What Color Should My Dog’s Poop Be?
Picking up your dog’s poop may not be the most enjoyable part of your day, but if you know what to look for, your pet’s stool can be a useful indicator of their intestinal health.
Use our dog poop color chart to help identify potential health concerns your dog might be facing.
Dog Poop Color Chart: What to Look for in Your Dog’s Poop
Green, yellow, black or red stool are all signs to be aware of in your dog’s bowel movements.
My Dog’s Poop Is Brown
In general, your dog’s feces should be a brown color, though the color will vary depending on what your dog is eating. A healthy bowel movement should be firm but not too firm, and your dog should go regularly, though not more than a few times a day.
My Dog’s Poop Is Green
Green feces might indicate that your dog has been eating grass. No one is quite sure, but many believe dogs eat grass when they have an upset stomach or are feeling sick. Dogs might also eat grass simply because they’re bored, hungry or like the taste, so this color stool is not always cause for concern. The main concern when a dog eats grass is vomiting. If you notice your dog is eating grass and vomiting, reach out to your veterinarian.
My Dog’s Poop Is Yellow
Yellow to orange feces is not normal under any circumstance and most likely points to an issue with your dog’s gallbladder, liver or pancreas. If you notice that your dog's stool has a yellowish color, then a trip to the vet is warranted.
My Dog’s Poop Is Red or Black
Red streaks in your dog's stool represents blood, and many things can cause this. Anything from stress to parasites can contribute to blood appearing in the stool.
If your dog’s stool is black, this also represents blood — but blood that has been digested. This typically means there is an ulcer or parasite issue going on, but it could indicate other health concerns as well.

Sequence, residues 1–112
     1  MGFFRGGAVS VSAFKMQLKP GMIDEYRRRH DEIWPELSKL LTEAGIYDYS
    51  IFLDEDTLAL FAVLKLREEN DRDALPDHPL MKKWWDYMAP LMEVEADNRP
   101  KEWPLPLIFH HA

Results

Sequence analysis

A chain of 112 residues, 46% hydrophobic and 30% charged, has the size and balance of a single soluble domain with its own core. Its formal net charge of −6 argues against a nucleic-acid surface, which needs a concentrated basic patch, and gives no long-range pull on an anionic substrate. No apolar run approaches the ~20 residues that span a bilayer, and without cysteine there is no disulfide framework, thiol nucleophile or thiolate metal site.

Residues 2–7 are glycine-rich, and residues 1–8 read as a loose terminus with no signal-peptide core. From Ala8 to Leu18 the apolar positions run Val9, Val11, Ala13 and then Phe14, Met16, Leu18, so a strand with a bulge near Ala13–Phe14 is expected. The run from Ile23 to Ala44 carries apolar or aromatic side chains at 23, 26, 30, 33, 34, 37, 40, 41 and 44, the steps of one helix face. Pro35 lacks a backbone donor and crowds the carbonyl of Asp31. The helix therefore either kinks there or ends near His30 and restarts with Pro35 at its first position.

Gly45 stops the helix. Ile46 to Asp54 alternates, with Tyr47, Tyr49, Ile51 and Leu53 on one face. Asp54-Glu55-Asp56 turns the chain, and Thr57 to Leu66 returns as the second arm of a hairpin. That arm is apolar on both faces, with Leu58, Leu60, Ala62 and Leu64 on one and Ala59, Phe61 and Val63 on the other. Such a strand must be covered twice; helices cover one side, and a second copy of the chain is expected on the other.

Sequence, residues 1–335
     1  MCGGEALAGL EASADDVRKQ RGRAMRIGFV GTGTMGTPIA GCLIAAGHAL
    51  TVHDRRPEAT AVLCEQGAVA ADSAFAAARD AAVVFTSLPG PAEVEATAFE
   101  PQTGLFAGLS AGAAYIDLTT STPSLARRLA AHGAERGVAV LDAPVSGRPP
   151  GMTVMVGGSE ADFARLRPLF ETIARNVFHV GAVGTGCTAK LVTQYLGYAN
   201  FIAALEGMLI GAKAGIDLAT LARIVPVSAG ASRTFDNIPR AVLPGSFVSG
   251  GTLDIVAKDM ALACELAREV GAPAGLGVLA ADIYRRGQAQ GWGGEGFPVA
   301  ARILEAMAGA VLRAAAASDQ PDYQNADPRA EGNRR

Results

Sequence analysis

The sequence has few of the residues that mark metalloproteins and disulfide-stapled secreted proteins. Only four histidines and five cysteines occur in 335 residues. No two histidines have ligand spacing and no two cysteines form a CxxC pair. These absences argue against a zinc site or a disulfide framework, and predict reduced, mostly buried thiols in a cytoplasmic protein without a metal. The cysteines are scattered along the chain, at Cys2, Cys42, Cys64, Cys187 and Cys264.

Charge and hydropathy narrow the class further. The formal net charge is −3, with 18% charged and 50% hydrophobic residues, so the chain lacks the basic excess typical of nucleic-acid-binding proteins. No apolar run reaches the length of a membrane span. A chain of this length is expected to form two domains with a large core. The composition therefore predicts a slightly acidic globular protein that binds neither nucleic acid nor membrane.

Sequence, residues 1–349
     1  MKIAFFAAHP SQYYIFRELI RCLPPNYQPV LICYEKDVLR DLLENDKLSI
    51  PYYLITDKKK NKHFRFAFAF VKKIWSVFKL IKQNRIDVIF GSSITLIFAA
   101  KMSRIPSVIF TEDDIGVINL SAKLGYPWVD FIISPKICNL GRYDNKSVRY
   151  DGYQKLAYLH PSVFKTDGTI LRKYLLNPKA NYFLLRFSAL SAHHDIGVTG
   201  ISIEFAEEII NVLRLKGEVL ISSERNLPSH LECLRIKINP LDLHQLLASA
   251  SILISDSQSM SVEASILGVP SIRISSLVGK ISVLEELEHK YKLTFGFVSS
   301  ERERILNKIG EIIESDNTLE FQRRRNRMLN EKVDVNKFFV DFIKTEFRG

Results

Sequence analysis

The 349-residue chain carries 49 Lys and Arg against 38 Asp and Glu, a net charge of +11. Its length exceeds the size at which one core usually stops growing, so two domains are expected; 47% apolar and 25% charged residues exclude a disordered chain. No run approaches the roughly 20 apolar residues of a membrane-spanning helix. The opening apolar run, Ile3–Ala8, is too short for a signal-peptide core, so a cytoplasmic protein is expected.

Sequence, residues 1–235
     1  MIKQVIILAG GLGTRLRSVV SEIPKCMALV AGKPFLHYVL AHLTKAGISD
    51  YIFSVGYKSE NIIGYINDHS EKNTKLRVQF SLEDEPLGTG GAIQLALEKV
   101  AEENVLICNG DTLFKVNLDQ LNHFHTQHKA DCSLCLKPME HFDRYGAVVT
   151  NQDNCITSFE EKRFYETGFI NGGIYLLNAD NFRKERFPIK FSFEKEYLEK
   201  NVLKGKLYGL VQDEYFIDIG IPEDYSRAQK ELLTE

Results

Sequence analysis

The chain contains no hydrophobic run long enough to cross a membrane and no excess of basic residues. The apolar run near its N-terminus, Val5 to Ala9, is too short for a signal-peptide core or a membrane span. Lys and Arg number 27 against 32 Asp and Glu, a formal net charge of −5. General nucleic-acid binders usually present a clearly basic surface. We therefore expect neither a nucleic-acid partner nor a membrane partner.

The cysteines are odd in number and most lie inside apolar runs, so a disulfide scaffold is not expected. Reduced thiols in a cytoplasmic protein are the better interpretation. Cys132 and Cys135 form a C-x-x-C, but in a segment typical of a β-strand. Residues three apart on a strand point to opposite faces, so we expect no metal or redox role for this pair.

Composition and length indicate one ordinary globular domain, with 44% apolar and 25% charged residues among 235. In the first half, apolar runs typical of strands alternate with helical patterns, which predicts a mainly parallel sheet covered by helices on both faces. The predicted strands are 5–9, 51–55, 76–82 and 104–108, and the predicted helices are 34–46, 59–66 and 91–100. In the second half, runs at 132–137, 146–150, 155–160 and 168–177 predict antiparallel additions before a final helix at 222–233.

If you notice blood in your pet's stool or it appears dark and tarry, a trip to the vet is in store.
My Dog's Stool Has White Spots in It
Luckily, there are not many things besides tapeworms that appear as white spots in your dog's poop. The white spots are actually tapeworm egg packets that resemble grains of rice or sesame seeds. In these cases, simply deworming your dog should do the trick. Fleas often carry tapeworms, so checking your dog for fleas and applying flea control is important in helping prevent tapeworms from reoccurring.
Dog Poop Size and Consistency
Apart from color, the size and consistency of your dog’s stool can also reveal a lot about their digestive health.
My Dog’s Poop Is Hard
Hard pellets or hard stool might indicate your dog is suffering from constipation and/or dehydration. Ensure your dog is getting enough water, and the issue should clear up. While more of a cat problem, if your dog routinely has hard stools and seems to take a little longer to defecate than normal, it might indicate they have pain or weakness in their backend.
My Dog’s Poop Is Runny
Liquid stool is a sign of diarrhea in dogs and should be monitored. However, if this condition clears up within a day or two, you typically don’t need to worry, especially if your dog is not vomiting, has a good appetite and is behaving normally.
While your dog’s poop color and consistency aren’t the only indicators of intestinal health, they can serve as a quick visual cue that something isn’t quite right. If your dog’s poop is yellow, black or red, or if they have diarrhea for more than a few days in a row, consult your vet to rule out any serious health issues.